Early on May 4, 1979, Peg Zabawa watched as Mrs. Z's, her eponymous Swansfield restaurant and a popular Columbia community institution, went up in flames.
For the five years it was open, Mrs. Z's was a gathering place for early Columbia residents, who came not only for the food, but for the casual, home-like atmosphere.
"Eating at Mrs. Z's was like eating in someone's home, only with several selections of delicious and healthy homemade dishes," former Howard County executive and state delegate Liz Bobo, a Columbia resident, wrote in an email.
"It was homey and comfortable, very much a place of its time," said Jean Moon, another longtime resident of Columbia.
The home-like feel was so important to Zabawa that she told two different Washington Post reviewers, in 1975 and 1978, that Mrs. Z's was not a restaurant — it was "our home," a "people's place" and a place where people can "just be together."
"It's nice to have people buying meals so the others can be free to come in and not buy food," Zabawa told the Post. She expressed disinterest in the financial aspects of her business, saying "I'd rather spend two hours in the kitchen than do the payables or look at the cash register. But I have to earn money to keep the dream."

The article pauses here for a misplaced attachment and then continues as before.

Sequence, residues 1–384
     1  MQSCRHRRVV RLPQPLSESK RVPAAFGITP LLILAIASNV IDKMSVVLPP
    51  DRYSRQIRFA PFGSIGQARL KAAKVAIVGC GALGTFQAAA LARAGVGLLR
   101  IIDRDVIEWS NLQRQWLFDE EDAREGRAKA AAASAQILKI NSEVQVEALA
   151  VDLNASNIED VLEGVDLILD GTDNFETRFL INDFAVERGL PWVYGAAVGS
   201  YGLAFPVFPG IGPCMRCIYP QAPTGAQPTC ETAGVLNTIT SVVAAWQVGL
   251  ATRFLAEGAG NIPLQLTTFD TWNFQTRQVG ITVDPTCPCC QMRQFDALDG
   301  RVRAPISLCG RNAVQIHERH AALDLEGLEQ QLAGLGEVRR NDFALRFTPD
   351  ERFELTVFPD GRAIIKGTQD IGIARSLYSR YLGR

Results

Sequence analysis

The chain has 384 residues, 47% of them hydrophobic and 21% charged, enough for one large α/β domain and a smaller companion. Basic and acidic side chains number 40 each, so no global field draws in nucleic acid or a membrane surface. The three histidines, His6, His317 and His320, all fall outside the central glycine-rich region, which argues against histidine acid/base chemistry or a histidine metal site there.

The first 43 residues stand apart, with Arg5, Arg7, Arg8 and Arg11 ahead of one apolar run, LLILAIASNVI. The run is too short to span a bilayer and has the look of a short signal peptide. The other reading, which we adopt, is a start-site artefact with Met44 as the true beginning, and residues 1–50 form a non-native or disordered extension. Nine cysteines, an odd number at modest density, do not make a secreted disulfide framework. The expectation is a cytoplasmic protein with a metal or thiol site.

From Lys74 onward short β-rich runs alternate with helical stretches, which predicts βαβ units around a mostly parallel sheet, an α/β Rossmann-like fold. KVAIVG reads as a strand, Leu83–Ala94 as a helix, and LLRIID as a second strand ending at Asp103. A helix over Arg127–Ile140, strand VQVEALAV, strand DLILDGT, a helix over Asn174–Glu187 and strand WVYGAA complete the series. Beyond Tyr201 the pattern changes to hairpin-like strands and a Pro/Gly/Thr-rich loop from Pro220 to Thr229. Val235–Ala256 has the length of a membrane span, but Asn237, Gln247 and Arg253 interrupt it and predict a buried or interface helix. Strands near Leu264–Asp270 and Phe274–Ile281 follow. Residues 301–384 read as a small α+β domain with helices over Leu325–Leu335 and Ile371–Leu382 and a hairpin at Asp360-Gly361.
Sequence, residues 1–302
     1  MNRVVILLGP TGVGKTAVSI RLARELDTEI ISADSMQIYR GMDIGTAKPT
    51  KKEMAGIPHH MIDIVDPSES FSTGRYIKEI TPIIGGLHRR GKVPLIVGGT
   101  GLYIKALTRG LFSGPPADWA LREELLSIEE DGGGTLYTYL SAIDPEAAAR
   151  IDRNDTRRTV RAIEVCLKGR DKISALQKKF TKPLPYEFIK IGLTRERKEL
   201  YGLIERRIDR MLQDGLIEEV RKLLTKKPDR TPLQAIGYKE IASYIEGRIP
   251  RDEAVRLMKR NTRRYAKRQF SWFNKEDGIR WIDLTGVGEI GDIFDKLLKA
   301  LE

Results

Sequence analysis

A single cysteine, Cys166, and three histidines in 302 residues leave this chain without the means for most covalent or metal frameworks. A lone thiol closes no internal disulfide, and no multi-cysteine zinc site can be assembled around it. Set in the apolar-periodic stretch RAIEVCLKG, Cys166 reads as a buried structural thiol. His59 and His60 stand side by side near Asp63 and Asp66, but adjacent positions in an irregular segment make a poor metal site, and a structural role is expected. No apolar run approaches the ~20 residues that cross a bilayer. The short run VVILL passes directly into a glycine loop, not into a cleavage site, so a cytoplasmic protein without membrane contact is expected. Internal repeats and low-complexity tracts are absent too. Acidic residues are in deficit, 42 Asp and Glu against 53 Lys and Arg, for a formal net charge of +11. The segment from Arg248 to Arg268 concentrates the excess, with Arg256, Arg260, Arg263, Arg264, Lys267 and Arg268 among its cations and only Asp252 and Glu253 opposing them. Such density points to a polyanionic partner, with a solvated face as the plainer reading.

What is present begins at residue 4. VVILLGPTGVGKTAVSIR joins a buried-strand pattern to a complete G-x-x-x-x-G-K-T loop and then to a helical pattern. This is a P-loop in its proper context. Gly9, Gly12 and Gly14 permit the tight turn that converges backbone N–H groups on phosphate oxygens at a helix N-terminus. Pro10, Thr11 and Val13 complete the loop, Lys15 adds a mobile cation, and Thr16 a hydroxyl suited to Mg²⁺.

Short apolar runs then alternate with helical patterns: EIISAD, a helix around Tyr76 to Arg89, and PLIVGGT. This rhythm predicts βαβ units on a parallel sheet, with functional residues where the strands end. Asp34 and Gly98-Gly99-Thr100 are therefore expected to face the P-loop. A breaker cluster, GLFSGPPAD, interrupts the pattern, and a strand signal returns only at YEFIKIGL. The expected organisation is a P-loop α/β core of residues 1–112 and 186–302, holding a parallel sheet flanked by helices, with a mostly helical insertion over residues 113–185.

Zabawa, a musician known for wearing long colorful dresses, opened Mrs. Z's with a $45,000 loan from the Columbia Association, the Columbia Flier reported. The restaurant, with its focus on community, was seen as a reflection of James Rouse's goal — to give Columbia a small-town community feel.
Food at Mrs. Z's was served cafeteria-style, with salad and fresh-baked bread with orange or honey butter included, according to the Post. Moon described it as "simple, homemade food served on pottery plates with colorful cloth napkins." Main dishes changed with the seasons and often featured international cuisine.
Moon's daughter, Beth Singleton, was 13 when Mrs. Z's burned down. She remembers "mismatched pottery, apple butter and warm bread, and a corner that had handmade dolls and toys," she said.
Baltimore Sun restaurant critic Elizabeth Large, writing on Oct. 5, 1975, described the interior as "chic and bohemian […] a careful jumble of hanging plants, antiques, modern graphics and pottery." The reviewer sat at a table with antique scales on it, and metal wind chimes above it.
Large was underwhelmed by the food, she wrote, but was charmed when as she left, she heard Zabawa call out, "Anyone who wants to learn how to make baklava, come into the kitchen!"
The room was dimly lit and hosted poetry nights, concert, and a piano that customers "can, and do, play," the Post reported.
The room appealed to a broad span of generations — from older Columbians, who could bring their own beer and wine, to young children, encouraged to wander and provided with an area full of, as Bobo recalled, "creative educational toys."
The restaurant closed permanently after the fire in 1979, which destroyed the dining room and burned through the roof, the Flier reported.
Zabawa decided not to rebuild the restaurant. Years later, at age 75, she volunteered her time managing a cafe at the Columbia Growth Center, geared toward the mentally ill, the Sun reported. She died in 2010, at age 92.